CDs are actually the Au20 CDs, but without the gold coating!
The Au20 masters are just like the original vinyl
masters, and they're different from the original CD masters. In the case of Apostrophe
('), the differences are quite noticeable (with songs edited and remixed),
but in the case of One Size Fits All, the differences lie in sound
quality only. In both cases, the Au20 master is simply a
better master than the original CD master, whatever the reason.
(Note that we don't know that the "1998" CD was really released in
In May 2000, Cal Schenkel had been in touch with Ryko, I think, and had this
Nobody seems to know anything about the Au20 swap, SO DON'T EVER MENTION
Japanese Paper-Sleeve Version (2001-2002)
Starting in 2001, Video Arts Music released a limited-edition series (2000
copies each) of Zappa CDs in
paper sleeves - miniature LP sleeves. There was nothing special about this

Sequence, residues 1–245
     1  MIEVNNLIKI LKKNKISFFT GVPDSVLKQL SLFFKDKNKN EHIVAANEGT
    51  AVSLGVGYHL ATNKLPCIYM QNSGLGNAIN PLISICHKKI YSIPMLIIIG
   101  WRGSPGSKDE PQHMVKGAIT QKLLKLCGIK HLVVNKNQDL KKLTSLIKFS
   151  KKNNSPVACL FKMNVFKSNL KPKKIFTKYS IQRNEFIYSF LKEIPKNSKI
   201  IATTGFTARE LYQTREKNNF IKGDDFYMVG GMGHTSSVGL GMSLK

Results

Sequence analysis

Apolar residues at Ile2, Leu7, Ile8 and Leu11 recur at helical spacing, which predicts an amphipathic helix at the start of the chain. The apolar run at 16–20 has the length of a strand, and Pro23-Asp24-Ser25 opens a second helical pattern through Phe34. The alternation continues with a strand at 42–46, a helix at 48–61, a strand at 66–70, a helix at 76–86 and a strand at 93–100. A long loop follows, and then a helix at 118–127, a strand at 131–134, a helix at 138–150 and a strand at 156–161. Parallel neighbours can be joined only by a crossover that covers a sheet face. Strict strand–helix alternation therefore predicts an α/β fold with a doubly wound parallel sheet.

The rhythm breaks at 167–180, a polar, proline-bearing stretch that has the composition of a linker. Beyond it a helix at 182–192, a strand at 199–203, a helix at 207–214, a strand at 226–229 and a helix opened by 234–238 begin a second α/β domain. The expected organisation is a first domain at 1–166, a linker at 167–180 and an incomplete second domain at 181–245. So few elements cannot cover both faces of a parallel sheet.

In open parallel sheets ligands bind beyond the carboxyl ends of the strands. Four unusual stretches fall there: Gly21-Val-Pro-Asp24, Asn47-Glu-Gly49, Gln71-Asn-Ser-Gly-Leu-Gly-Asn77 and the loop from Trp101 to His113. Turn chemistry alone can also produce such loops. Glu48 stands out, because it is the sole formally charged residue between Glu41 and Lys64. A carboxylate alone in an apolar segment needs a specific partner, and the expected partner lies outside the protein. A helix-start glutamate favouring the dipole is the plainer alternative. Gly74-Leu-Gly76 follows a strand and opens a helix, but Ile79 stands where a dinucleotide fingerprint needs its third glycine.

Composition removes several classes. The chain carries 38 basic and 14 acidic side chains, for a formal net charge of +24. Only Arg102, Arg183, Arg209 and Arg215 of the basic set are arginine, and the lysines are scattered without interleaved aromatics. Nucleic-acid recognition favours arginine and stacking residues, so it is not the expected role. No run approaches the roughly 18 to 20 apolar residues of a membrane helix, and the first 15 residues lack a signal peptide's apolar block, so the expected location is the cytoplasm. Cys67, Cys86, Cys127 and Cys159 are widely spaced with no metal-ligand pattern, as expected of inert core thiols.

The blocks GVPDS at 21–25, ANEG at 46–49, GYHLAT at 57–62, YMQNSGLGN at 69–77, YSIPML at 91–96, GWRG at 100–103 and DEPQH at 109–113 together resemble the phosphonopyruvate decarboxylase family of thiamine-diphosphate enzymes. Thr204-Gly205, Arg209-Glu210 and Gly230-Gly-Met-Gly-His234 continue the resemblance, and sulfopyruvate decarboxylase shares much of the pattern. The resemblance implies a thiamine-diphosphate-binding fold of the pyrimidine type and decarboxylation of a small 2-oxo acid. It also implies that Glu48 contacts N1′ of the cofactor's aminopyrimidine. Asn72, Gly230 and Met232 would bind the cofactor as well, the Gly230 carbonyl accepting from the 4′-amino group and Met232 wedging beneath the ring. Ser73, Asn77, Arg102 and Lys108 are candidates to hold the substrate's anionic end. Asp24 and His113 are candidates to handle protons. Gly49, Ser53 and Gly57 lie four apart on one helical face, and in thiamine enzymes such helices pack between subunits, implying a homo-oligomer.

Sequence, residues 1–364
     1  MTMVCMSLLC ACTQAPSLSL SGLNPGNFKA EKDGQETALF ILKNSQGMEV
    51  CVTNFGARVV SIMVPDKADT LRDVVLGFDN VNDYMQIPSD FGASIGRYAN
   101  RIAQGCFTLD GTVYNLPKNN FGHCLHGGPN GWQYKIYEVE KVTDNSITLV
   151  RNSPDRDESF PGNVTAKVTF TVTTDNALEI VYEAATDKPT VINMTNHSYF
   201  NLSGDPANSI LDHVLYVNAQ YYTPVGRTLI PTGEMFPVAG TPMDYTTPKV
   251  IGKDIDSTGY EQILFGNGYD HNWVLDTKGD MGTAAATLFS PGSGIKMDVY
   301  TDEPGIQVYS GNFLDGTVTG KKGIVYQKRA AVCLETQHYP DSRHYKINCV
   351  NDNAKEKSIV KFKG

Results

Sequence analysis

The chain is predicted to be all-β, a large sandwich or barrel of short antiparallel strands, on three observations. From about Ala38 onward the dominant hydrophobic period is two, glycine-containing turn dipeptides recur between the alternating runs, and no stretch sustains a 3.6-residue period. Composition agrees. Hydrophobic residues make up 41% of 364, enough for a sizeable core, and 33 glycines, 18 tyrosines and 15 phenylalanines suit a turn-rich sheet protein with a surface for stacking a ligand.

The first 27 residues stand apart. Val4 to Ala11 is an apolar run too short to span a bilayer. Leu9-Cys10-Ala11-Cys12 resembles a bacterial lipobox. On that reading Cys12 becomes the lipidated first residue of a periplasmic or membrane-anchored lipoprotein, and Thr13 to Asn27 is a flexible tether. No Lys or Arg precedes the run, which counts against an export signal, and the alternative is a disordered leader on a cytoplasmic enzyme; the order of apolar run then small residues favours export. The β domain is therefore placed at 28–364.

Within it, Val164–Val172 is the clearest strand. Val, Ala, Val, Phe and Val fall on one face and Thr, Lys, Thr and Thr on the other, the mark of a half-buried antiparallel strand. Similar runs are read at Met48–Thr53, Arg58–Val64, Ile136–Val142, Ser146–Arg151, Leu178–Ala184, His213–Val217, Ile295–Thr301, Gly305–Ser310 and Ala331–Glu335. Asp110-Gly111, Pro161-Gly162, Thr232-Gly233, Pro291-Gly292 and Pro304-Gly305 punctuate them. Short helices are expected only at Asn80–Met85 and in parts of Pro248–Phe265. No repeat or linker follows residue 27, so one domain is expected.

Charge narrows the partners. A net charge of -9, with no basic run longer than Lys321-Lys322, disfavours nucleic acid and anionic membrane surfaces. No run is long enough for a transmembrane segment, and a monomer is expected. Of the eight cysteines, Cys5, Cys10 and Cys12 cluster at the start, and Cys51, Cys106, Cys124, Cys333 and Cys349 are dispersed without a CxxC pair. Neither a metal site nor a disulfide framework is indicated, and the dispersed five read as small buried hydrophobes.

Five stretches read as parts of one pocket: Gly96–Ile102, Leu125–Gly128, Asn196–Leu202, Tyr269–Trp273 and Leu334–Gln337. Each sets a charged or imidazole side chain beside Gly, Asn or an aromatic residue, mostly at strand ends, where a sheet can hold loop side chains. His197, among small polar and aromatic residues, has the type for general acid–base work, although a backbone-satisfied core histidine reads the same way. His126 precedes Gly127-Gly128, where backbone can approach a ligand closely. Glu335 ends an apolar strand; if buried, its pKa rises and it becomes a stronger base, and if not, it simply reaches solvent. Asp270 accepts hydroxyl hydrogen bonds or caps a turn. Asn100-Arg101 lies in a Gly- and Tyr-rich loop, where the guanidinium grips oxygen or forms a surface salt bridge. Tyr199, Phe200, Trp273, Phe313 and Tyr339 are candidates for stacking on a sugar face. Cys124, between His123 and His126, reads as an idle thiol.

series other than the covers, which were very well done - inserts and
"bonuses" were reproduced, the albums that originally had gatefold
covers got little miniature gatefolds, and cover track lists were exactly as on
the corresponding LPs, even in cases where the CD has bonus tracks or a
different track order. Included in this series were some entries that never had
"proper" LP issues, i.e. Läther. Additionally, some rarities--like the "green/gold"
cover of Chunga's Revenge--were reproduced as special items in this run.
We need to stress that the sound quality of these discs matches the US
Ryko issues, which they are clearly derived from. These are collectors
items, not new remastered editions.
Late-2012-update: It appears as if the Japanese may be warming up the
mini-LP ovens for a new batch based on the 2012 UMe remasters. We'll let you
know if this happens.
2012 UMe CD
Mastered by Bob Ludwig from the original analog master. Like the Au20 CD (questionable
as of 2017),
this uses the original analog tapes, meaning that it lacks the digital reverb
found on all of the post-Old Masters versions. Opinions between this version and
the Au20 are pretty split; most people will apparently be satisfied with either.
- Any details on cassette versions?
- Any details on 8-track versions?
- Any regional peculiarities?
- Any more points to make about the Old Masters version?
- Any more release dates?
- How does the regular Ryko 1995 release sound in comparison to earlier
- Victor Dubiler
- Steve Jones
- Ryan Davenport